I found this feather underneath our old birch tree about a month ago, and wasn’t sure at first what it was. We have all kinds of big raptors that cruise our property, including Bald Eagles, Red-tailed Hawks, and the smaller Cooper’s and Sharp-shinned hawks. We also have a nesting pair of Great Horned Owls that live a few hundred feet from our house that we hear hooting every night. With the barring on the feather, I could rule out the Bald Eagles, but don’t know enough about feathers to have even made a semi-educated guess as to which bird it came from.
One of my friends is a birder, and she in turn knew an expert in raptor identification. He knew what it was immediately, and explained that the key to figuring out what bird this came from was the shape of the feather, in particular the rounded tip and the soft downy center. It’s a Great Horned Owl feather.
I’ve found several more feathers like this since then in the yard, concentrated under two different trees. So now I know where this winged tiger is roosting at night when he (she?) serenades us with soft hooting calls.
The owls are amazing birds, huge, with a wingspan that can reach sixty inches. Their flight is utterly silent, making it more than a trifle scary when they seem to appear out of nowhere, swooshing overhead at night, at times less than twenty feet above our heads.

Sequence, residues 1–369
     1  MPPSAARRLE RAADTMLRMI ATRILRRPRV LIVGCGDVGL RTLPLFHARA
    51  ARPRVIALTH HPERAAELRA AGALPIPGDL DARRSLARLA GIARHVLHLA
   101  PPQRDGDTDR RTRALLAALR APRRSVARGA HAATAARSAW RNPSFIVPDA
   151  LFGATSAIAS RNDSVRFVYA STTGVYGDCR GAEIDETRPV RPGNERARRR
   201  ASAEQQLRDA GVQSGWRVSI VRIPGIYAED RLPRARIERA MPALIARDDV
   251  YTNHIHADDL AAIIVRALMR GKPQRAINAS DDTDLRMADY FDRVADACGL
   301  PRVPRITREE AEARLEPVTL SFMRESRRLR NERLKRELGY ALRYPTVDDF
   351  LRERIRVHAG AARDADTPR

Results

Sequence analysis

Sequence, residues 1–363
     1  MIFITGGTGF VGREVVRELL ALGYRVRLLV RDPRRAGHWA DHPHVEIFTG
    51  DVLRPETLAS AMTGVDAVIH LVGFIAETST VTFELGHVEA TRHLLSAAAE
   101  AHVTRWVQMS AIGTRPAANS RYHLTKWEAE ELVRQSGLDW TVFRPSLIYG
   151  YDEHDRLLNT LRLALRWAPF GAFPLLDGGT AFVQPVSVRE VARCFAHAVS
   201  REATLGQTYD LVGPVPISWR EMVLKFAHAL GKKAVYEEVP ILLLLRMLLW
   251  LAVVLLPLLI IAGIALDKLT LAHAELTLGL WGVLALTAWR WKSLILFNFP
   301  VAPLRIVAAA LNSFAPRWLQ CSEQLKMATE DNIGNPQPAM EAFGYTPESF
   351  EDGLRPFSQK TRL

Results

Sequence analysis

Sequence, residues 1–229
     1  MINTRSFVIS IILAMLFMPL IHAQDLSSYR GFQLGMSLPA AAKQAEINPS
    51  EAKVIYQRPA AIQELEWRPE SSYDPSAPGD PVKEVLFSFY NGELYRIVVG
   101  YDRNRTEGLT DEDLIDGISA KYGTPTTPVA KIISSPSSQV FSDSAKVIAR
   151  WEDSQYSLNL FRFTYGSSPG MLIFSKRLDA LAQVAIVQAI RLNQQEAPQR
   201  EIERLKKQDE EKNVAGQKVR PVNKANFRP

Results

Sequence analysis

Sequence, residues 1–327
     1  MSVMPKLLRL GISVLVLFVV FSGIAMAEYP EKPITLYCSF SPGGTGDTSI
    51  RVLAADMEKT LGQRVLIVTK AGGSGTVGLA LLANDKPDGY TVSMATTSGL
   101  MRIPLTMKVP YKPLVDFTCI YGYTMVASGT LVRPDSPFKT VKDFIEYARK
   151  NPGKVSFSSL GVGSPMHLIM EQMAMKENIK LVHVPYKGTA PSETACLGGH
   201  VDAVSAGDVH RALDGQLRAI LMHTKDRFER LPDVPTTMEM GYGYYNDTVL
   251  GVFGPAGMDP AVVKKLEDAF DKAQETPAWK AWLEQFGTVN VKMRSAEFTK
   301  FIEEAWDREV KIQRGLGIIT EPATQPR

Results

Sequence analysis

Sometimes called the “tiger of the night,” a Great Horned Owl is a formidable predator. It enjoys rabbits, but also hunts many other mammals, birds and reptiles–even skunks. We know when ‘our’ owls have enjoyed a feast of skunk by the pungent odor that wafts downwind from them. Getting sprayed by a skunk doesn’t seem to bother them at all.
The owls originally nested in an old silver maple tree, and we had the rare gift of watching them raise three owlets. They lost that nest when the branch holding it tore off during a particularly severe thunderstorm. Amazingly, all three owlets survived, clinging to the tree. Within a day the adults coaxed the three owlets to take their first flights, accompanying them in short hops and guarding them throughout until the owlets reached the safety of some nearby pine trees. The adults rebuilt their nest in the pine trees, so we haven’t been able to watch the nest as the foliage on the pines is too thick. However, I saw them building a new nest this last week, once again in a nearby silver maple tree. I’m hoping come January we’ll be treated to watching fuzzy owlets peer out at the world from their nest!